On Monday, September 14, the FTC announced that it had sent letters to five providers of environmental seals and certifications and 32 individual companies using such seals and certifications, warning them against potentially overbroad, deceptive uses. The latest edition of the FTC’s Green Guides contains a section dealing with the use of environmental seals and certifications. 16 C.F.R. Part 260.6. The Guides make clear that labeling a product with an unqualified environmental seal runs the risk of conveying an unsubstantiated and overbroad claim about the overall environmental benefits of a product. Furthermore, third-party seals and certifications do not relieve marketers of the obligation to substantiate all of the claims that they convey to consumers, including claims relating to the seals and certifications. For that reason, the FTC recommends that such seals and certifications be prominently qualified in order to explain to consumers exactly the attributes on which the certification is based. In a blog post regarding the release, the FTC reminds marketers who use a green seal or certification on products that they must “explain what the seal or certification is based on, and it has to be specific. For example, a marketer could say the product is ‘biodegradable’ or ‘recyclable.’ It’s not enough for a seal to just say ‘green’ or ‘eco-friendly;’ in fact, that could be deceptive.”

Chris FTC Enviro Seals Image

The letters to the certifiers focus on the risk of “unqualified general environmental benefit claims [which] likely convey a wide range of meanings, including that a product has specific and far-reaching environmental benefits and that an item has no negative environmental impact.” As the Green Guides state, “Because it is highly unlikely that marketers can substantiate all reasonable interpretations of these claims, marketers should not make unqualified general environmental benefit claims.”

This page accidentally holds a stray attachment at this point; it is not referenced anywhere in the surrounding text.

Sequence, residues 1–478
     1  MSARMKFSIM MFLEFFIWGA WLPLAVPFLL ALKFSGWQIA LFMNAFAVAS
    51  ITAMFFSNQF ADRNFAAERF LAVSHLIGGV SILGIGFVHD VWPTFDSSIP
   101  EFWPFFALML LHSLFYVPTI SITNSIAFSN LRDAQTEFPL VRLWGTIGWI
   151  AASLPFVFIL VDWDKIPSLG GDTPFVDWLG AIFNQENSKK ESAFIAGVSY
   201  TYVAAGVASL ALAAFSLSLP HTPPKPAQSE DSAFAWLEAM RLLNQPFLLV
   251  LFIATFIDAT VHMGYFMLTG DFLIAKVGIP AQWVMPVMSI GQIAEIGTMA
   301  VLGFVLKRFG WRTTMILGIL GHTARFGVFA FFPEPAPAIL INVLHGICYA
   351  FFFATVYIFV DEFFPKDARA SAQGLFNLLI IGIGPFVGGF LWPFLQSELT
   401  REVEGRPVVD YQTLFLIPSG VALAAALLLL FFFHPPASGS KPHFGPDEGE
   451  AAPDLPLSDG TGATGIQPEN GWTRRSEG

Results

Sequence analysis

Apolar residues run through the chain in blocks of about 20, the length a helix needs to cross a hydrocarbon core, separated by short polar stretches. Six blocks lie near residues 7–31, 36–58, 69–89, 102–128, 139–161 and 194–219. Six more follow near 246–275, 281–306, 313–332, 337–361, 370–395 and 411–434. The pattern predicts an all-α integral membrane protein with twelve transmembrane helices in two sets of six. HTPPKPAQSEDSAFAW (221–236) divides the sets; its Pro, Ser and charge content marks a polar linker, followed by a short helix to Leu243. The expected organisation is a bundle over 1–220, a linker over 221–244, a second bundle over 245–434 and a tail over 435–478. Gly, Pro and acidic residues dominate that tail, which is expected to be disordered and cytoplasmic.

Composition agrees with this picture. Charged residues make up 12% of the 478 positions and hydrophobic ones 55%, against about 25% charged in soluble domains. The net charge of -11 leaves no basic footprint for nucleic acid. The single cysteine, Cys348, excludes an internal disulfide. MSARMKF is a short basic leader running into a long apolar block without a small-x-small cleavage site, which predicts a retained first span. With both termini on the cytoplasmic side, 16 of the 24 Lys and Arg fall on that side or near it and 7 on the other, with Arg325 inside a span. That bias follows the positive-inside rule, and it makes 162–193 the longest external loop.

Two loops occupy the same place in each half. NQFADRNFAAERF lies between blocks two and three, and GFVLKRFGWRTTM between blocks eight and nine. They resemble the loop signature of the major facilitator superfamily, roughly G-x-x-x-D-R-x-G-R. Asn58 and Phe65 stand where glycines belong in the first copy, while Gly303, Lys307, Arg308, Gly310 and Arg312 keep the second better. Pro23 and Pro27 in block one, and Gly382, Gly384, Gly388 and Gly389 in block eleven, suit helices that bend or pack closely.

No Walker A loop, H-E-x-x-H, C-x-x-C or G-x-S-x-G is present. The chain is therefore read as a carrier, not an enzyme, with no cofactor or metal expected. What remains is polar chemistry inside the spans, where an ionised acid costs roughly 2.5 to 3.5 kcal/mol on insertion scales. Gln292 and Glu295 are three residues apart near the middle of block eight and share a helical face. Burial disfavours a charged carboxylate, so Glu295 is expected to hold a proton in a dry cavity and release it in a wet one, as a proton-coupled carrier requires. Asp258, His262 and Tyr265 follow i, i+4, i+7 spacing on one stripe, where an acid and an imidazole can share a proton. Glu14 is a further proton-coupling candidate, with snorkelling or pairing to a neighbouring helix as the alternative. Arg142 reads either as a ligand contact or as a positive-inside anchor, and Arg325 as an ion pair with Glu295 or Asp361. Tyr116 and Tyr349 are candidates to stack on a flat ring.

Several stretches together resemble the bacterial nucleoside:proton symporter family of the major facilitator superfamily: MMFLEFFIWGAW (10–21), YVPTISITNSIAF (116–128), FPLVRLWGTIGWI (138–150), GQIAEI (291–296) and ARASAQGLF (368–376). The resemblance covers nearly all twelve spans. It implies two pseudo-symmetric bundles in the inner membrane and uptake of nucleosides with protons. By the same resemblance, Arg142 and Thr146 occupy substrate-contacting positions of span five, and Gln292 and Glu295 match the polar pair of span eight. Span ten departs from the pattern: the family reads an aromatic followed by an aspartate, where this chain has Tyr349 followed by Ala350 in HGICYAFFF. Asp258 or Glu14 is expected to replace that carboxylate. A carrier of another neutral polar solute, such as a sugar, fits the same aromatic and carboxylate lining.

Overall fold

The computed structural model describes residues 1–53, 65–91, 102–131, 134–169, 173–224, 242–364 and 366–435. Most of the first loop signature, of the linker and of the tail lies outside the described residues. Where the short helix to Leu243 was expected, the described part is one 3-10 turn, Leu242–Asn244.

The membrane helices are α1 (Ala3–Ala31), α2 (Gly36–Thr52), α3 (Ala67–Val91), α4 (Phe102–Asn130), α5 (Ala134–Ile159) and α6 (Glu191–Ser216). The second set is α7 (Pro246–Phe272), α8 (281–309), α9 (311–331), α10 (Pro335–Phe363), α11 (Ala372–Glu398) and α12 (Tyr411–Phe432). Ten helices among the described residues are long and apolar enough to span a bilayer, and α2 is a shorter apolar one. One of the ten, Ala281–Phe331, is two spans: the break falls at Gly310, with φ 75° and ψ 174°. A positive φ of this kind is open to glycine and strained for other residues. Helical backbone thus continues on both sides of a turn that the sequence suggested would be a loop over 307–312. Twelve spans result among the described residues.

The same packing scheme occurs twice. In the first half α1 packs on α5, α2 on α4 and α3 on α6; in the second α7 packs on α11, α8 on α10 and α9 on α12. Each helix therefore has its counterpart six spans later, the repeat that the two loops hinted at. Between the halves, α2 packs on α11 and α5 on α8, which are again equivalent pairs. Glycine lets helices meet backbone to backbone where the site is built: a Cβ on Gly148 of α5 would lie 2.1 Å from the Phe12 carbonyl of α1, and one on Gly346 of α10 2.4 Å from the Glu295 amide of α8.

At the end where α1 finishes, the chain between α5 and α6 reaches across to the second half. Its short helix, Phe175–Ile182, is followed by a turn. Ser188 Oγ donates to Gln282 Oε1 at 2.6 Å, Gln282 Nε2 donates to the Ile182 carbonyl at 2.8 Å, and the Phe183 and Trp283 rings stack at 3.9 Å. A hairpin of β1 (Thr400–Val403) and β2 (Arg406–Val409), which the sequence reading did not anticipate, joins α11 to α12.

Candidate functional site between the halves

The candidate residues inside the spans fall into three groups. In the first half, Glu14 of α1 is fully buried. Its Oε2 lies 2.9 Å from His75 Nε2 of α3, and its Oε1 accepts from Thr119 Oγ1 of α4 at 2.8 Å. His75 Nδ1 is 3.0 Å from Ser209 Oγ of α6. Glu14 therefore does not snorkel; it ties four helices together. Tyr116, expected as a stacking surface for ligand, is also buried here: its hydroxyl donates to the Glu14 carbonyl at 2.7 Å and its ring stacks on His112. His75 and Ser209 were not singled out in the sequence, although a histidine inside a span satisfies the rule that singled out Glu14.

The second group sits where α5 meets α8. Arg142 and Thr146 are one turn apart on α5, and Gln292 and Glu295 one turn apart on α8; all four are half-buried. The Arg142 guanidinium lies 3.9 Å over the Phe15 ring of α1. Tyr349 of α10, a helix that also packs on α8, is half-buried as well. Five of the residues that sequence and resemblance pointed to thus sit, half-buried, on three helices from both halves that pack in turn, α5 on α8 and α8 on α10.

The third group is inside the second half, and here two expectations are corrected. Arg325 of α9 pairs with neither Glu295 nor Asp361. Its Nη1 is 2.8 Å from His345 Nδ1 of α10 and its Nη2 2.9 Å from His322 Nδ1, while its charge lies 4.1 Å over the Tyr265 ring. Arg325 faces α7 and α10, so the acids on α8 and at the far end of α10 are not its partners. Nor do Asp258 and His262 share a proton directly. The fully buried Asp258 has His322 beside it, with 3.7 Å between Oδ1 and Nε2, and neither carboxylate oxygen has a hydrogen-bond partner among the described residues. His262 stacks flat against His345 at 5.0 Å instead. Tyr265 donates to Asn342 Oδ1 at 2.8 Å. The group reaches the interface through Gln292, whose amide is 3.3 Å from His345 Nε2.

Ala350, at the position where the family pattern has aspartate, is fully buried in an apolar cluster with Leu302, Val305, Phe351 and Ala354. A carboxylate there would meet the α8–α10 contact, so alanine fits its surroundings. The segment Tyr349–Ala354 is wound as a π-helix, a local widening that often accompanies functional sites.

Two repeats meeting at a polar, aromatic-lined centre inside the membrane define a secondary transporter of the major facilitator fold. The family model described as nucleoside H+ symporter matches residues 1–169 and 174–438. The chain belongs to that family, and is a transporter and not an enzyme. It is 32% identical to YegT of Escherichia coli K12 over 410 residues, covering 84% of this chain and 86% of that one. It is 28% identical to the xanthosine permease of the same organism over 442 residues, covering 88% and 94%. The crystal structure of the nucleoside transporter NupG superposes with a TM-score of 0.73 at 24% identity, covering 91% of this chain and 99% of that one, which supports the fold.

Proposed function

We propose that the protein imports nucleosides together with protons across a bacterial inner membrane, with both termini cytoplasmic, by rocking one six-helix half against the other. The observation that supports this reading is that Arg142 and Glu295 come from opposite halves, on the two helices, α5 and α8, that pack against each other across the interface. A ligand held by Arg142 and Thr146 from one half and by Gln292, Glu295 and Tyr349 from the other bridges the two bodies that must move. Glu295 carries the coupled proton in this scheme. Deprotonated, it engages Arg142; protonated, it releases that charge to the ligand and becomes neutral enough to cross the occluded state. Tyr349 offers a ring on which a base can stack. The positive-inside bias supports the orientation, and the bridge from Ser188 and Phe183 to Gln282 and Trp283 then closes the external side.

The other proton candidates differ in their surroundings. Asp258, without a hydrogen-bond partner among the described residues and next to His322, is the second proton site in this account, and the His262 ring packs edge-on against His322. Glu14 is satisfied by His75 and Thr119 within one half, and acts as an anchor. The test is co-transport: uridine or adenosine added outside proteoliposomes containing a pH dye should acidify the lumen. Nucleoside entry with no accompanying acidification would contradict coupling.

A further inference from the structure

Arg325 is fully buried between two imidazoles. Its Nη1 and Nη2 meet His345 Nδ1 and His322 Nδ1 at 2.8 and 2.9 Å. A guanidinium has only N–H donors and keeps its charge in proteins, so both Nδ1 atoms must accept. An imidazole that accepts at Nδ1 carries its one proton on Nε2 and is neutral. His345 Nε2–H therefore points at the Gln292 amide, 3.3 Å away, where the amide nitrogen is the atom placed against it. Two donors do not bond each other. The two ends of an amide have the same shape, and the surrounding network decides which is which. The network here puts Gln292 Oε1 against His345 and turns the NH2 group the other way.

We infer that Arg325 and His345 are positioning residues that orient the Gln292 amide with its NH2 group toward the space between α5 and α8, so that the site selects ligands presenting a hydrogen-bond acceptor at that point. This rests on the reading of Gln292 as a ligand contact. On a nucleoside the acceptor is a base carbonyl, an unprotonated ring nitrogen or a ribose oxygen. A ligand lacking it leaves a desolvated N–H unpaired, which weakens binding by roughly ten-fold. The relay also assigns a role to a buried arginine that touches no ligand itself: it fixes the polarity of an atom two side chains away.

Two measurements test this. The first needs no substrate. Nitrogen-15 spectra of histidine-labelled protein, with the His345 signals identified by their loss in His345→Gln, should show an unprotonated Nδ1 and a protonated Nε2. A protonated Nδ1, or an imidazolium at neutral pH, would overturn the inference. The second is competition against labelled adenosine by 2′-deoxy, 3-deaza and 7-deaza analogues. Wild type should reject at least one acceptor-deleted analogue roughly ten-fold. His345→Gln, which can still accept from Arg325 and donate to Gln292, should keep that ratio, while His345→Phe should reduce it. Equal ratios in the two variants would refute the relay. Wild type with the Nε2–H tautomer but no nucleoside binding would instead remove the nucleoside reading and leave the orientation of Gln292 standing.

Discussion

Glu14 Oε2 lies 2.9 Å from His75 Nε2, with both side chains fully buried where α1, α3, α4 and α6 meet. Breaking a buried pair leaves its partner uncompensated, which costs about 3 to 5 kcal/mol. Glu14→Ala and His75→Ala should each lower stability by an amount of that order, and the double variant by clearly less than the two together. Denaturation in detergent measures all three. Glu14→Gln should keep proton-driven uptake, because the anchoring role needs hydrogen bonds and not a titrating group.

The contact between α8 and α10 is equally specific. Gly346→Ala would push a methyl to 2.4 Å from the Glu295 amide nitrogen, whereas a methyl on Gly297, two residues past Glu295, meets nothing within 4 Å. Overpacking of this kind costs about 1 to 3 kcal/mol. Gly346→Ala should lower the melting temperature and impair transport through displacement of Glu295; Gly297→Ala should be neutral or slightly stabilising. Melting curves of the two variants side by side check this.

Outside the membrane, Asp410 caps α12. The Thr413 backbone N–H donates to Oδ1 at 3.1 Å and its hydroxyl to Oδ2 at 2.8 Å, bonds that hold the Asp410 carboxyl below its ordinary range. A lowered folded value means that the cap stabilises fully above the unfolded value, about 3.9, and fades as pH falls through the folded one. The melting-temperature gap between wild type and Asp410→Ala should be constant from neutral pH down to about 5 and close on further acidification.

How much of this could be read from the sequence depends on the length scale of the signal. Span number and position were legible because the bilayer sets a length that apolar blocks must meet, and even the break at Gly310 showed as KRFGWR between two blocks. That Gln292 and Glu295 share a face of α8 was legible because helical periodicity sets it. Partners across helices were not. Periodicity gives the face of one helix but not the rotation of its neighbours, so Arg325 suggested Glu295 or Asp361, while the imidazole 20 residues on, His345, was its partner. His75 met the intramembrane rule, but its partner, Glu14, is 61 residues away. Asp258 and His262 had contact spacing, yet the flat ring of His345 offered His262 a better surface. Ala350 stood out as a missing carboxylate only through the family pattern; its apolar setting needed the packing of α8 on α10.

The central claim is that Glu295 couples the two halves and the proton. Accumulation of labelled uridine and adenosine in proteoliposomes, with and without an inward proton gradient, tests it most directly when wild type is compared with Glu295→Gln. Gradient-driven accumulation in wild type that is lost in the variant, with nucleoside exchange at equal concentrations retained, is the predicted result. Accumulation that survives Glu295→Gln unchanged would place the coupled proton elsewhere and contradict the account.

The FTC has noted that, even for seals and certifications based on a comprehensive, multi-attribute environmental review, these kinds of qualifying disclosures may be complicated but are still required. To provide further guidance, it includes the following example in the Guides of how it thinks this could be done:

“A one-quart bottle of window cleaner features a seal with the text ‘Environment Approved,’ granted by an independent, third-party certifier with appropriate expertise. The certifier granted the seal after evaluating 35 environmental attributes. This seal likely conveys that the product has far-reaching environmental benefits and that Environment Approved certified the product for all of these benefits and therefore is likely deceptive. The seal would likely not be deceptive if the marketer accompanied it with clear and prominent language clearly conveying that the seal refers only to specific and limited benefits. For example, the seal could state: ‘Virtually all products impact the  Environment. For details on which attributes we evaluated, go to [a Web site that discusses this product].’ The referenced Web page provides a detailed summary of the examined environmental attributes. A reference to a Web site is appropriate because the additional information provided on the Web site is not necessary to prevent the  advertisement from being misleading. As always, the marketer also should ensure that the advertisement does not imply other deceptive claims, and that the certifier’s criteria are sufficiently rigorous to substantiate all material claims reasonably communicated by the certification.”

As with the 60+ letters it sent to advertisers last year regarding the use of disclaimers, the FTC has chosen to send several dozen warning letters at once, without naming any of the recipients. This generic announcement of the warning letters should be interpreted as a broad message about specific practices that the FTC is concerned about and will continue to monitor. Each of the individual letters requests that the certifying organizers and advertisers advise the FTC regarding the steps they have taken to come into compliance.

In our experience, the FTC will follow up with any letter recipient that fails to respond adequately and will also take more aggressive enforcement action in the future against any advertiser that doesn’t heed the strong message conveyed by the warning letters.

Image courtesy of FTC.gov